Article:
Spoilers lie beyond this point! Skip to the next bolded text to avoid story spoilers!
However, in the Generation III remakes, new adventures await on the Sevii Islands, an archipelago south of Kanto. Seven of them are accessible through ordinary game progression, but two of them can only be reached via event items.
After the player defeats Blaine, the Cinnabar City Gym Leader, they can speak with Bill, the creator of the Pokémon PC system. He will give the player a Tri-Pass, which allows access to a ferry where the S.S. Anne was earlier in the game. The first three islands are accessible, then the remaining four are unlocked after beating the Elite Four, obtaining the National Pokédex, and completing a side quest on the islands.
One Island leads to the massive Mount Ember, the new home to the legendary bird Moltres. The player must retrieve both a Ruby and a Sapphire guarded by Team Rocket. Upon defeating this group of Rockets, the administrator realizes that Giovanni has disbanded Team Rocket. Initially, he confuses the player for Giovanni’s kid, but corrects himself, noting that Giovanni’s son has red hair. This foreshadows Pokémon Gold, Silver, Crystal, and their remakes, where a remnant group attempts to revive Team Rocket. Silver, the Generation II rival, is also confirmed to be Giovanni’s son in the later remakes, Pokémon Heart Gold and Soul Silver.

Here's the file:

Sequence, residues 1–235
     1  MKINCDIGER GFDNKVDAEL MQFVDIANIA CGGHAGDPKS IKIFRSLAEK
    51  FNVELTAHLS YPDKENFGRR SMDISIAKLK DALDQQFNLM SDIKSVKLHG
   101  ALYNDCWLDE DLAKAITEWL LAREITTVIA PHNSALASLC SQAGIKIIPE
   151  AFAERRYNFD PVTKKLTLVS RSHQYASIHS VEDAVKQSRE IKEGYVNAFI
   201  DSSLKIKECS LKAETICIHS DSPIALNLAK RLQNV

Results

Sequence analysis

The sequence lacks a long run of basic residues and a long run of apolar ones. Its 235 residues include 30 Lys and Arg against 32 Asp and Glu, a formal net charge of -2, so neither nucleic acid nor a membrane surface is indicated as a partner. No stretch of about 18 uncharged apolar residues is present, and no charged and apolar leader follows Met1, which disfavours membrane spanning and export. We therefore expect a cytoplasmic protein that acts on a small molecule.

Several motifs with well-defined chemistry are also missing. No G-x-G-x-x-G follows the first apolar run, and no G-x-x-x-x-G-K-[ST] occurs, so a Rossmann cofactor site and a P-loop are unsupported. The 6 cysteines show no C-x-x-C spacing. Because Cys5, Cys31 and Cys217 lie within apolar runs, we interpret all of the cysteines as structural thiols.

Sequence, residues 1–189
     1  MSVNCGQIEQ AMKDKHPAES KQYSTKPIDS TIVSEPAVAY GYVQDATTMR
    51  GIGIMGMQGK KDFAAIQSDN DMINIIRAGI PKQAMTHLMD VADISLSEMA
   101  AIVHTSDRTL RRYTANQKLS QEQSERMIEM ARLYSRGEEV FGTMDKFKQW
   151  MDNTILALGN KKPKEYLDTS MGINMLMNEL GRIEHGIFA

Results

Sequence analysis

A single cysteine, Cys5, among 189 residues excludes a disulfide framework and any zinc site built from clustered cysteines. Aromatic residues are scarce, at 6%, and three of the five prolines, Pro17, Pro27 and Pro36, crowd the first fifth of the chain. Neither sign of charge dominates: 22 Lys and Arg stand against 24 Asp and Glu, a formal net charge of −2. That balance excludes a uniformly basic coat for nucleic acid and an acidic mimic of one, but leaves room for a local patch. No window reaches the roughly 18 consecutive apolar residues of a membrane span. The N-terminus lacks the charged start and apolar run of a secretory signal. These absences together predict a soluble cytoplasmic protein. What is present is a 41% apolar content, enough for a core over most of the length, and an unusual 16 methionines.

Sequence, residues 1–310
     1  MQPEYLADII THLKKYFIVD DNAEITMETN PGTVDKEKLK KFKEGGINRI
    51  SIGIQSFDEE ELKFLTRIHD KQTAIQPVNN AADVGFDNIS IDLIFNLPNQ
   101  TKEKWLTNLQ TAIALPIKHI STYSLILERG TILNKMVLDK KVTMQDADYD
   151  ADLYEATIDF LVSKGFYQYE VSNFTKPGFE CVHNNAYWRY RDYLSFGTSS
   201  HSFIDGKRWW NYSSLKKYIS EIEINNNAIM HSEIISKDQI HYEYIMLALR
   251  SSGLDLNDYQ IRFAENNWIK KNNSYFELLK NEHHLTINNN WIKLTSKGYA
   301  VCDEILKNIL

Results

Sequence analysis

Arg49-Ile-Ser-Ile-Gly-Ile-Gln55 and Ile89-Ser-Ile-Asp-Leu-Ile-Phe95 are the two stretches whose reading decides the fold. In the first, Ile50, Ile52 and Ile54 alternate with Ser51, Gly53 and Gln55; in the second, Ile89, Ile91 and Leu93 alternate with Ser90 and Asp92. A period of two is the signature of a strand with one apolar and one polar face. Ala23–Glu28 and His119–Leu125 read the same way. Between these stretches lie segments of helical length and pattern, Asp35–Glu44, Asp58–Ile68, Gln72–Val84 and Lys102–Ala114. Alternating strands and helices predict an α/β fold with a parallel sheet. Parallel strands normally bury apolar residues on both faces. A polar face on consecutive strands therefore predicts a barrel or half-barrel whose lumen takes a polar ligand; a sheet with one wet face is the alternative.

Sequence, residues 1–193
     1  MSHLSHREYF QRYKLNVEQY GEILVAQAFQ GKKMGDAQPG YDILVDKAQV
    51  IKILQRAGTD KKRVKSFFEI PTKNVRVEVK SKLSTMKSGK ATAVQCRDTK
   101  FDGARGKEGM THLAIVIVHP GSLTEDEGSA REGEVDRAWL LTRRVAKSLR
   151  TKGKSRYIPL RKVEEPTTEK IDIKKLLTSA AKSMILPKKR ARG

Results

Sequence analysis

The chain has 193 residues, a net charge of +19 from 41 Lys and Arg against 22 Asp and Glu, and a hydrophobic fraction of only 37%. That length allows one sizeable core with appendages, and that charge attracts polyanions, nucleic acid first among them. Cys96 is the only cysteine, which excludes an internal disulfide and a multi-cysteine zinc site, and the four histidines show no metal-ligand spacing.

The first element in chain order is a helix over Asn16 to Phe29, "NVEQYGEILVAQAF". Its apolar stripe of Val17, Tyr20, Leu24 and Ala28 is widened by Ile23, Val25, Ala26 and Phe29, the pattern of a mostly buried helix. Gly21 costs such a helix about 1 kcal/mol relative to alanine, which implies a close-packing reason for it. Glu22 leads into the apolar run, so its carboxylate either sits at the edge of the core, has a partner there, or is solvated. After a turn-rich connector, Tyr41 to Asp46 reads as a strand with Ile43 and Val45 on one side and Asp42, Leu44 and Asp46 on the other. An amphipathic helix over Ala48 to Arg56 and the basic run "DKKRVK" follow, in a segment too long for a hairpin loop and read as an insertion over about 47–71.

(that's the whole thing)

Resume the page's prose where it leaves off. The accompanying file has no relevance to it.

The remaining two islands are triggered by items obtained via Mystery Gift or at a physical event held by Nintendo. Because of the age of the games, neither are viable options in 2018. Anyone picking these games up for the first time must resort to cheating devices, such as an Action Replay or Gameshark.
The first island, Navel Rock, is home to Lugia and Ho-Oh, the legendary birds of the sea and sky. The final island, Birth Island, is home to the legendary DNA Pokémon Deoxys. Once captured, it can change form based on what game it is present in. It will take Attack Form in Fire Red, Defense Form in Leaf Green, and Speed Form in Emerald.